Is there any scientific information available on how likely it is that a child with one parent with rheumatoid arthritis will have the same condition? I know there's probably not going to be any hard numbers available, but are there any studies at all on this?

  • @inf3rno that looks interesting! But please write it up as an answer instead of a comment. Comments like this are deleted on this site because comments aren't for answers and can't be downvoted, or accepted, among other things.
    – YviDe
    Dec 9, 2015 at 7:59
  • I did not write it as an answer, because I usually like to investigate a topic for more than 2 minutes. :-)
    – inf3rno
    Dec 9, 2015 at 8:27

1 Answer 1


Odds vary.

The most straightforward study I could find was Koumantaki et al. (1997), which found several odds ratios for developing rheumatoid arthritis:

  • 4.4 for individuals having a first degree relative with the disease.
  • 5.4 for individuals having a female first degree relative with the disease.
  • 7.0 for females having a first degree relative with the disease.
  • 4.8 for females whose mother has the disease.
  • 8.6 for individuals whose mother has the disease.
  • 1.1 for females whose father has the disease.
  • 1.9 for individuals whose father has the disease.

An odds ratio of X means that a person is with the given characteristic is X time more likely to have the disease than a person without it. The higher the odds ratio, the greater the chance of the individual inheriting the disease. From this, it is easy to see that those with mothers with rheumatoid arthritis were more likely to inherit it, especially if the individuals were female.

A different study, the GoRA study (summary) found that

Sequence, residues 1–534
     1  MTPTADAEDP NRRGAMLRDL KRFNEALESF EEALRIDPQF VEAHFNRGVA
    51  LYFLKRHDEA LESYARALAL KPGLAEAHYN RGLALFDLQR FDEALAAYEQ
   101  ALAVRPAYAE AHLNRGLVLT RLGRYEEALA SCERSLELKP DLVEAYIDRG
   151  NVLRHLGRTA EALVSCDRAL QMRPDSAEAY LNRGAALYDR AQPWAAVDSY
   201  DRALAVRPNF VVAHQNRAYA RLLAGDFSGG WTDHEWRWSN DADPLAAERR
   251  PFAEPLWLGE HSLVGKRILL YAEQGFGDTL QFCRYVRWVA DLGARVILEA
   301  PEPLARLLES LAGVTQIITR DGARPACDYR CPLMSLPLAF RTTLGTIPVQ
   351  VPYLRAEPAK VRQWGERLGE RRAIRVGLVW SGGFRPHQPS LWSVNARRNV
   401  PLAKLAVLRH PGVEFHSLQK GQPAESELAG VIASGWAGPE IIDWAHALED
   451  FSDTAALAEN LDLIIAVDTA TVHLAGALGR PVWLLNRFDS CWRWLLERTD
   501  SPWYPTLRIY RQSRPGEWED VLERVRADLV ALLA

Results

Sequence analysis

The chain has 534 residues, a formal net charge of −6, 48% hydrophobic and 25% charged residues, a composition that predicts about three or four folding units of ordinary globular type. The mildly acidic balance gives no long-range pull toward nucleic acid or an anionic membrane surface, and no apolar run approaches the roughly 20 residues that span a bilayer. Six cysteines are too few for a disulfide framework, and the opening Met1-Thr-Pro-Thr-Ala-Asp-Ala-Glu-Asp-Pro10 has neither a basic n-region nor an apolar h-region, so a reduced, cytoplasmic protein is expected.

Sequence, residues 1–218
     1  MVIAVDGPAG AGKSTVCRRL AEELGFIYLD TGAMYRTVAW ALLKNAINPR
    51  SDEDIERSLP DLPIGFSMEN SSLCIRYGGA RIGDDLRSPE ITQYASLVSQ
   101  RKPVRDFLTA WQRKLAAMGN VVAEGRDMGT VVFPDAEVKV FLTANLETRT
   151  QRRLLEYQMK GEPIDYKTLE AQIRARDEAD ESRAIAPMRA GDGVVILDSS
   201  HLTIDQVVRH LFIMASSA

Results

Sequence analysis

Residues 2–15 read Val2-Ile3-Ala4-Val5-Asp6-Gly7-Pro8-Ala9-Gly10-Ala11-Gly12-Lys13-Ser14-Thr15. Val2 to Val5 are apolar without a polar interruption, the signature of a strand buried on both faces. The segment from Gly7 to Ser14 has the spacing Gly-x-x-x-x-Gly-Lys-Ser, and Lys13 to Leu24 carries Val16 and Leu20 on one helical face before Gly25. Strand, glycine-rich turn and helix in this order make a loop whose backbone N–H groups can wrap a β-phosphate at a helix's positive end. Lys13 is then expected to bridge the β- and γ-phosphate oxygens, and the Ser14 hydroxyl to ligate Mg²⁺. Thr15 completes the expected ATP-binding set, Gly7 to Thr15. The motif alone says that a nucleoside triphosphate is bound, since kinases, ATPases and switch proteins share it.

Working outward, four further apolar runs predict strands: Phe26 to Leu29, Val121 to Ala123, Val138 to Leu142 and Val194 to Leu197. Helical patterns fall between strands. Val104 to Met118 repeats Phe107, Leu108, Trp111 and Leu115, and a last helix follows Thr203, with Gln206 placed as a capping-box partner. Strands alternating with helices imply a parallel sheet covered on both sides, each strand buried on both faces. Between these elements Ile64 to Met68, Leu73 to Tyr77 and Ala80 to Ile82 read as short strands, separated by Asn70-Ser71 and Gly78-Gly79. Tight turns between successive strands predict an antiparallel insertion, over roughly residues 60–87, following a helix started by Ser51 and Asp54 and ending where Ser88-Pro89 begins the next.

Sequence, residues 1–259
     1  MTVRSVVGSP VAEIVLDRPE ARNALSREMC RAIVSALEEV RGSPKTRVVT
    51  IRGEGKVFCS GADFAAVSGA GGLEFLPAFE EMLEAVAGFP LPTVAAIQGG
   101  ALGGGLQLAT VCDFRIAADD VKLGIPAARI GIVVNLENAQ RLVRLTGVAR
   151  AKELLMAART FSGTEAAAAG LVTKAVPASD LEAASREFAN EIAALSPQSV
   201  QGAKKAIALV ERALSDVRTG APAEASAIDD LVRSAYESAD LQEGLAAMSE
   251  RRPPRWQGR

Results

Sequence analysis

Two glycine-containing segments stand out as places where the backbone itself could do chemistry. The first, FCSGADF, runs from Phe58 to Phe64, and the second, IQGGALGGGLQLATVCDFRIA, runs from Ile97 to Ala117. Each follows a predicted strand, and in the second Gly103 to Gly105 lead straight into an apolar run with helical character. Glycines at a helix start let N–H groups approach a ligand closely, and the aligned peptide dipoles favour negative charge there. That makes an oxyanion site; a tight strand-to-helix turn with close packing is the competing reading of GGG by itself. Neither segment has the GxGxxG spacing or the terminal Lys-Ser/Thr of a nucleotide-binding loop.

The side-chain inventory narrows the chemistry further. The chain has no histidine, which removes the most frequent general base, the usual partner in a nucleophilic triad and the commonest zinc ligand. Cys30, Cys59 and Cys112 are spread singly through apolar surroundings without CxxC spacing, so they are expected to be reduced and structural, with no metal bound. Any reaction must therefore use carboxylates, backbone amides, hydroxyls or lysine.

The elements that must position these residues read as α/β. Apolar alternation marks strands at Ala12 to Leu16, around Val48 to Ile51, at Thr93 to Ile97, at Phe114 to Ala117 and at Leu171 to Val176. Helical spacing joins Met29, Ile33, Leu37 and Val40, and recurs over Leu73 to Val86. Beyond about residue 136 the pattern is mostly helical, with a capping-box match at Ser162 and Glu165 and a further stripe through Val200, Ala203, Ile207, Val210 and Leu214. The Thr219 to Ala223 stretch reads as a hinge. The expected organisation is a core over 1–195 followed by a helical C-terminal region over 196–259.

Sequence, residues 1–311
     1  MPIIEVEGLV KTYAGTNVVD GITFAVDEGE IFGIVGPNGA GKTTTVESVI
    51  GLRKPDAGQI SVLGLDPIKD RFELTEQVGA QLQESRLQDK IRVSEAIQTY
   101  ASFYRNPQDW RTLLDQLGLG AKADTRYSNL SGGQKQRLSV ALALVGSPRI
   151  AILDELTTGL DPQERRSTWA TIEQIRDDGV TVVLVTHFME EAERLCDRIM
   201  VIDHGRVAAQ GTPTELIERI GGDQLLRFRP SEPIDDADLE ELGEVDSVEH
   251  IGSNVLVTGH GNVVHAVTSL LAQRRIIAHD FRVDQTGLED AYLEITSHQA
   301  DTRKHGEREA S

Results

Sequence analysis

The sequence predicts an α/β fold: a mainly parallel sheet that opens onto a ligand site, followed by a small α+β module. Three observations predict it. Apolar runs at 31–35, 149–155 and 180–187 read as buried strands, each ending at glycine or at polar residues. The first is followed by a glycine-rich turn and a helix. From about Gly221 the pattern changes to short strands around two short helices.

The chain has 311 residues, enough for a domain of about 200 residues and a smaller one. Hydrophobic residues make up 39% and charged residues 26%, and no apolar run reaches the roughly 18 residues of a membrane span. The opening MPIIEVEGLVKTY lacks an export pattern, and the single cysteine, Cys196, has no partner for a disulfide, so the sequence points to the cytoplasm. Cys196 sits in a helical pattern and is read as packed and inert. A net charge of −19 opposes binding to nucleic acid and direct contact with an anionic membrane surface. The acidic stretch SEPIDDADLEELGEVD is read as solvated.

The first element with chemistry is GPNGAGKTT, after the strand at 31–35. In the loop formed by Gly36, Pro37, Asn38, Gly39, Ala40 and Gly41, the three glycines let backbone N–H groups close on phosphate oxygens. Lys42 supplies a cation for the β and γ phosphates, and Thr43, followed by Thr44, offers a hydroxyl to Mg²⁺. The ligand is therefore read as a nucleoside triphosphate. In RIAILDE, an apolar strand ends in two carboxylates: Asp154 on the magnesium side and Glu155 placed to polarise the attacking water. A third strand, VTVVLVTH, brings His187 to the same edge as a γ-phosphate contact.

if one of your parents, or a sibling (one of your brothers or sisters) has RA, your risk of developing RA will be slightly higher (around a 16% chance) than someone that does not have a family member affected with this illness (around a 0.8% chance).

This would seem to give an odds ratio of about 20 - much higher than any of the other results.

In addition, I've found numbers from Arthritis Research UK (no studies cited) which says that the probability of a child getting rheumatoid arthritis from a parent is about 1-3%.

Going even further, a New York Times Health article claims that

Some people may inherit genes that make them more susceptible to developing RA, but a family history of RA does not appear to increase an individual's risk.

It also goes along with Koumantaki et al.'s findings that women are more likely to get the disease than men.

It seems like the jury is still out on this, although most studies of the genetics behind rheumatoid arthritis focus on which genes might be transferred, or related hypotheses. Many authors conclude that more research on the subject is needed, especially as the origins of the disease are not well known.

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